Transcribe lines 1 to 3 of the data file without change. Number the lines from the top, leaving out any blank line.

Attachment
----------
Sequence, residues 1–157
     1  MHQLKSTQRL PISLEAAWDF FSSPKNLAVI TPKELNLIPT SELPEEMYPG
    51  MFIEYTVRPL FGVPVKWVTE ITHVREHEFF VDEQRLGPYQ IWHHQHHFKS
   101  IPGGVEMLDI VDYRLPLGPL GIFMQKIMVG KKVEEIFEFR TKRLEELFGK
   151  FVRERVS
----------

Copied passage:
Sequence, residues 1–157
     1  MHQLKSTQRL PISLEAAWDF FSSPKNLAVI TPKELNLIPT SELPEEMYPG
    51  MFIEYTVRPL FGVPVKWVTE ITHVREHEFF VDEQRLGPYQ IWHHQHHFKS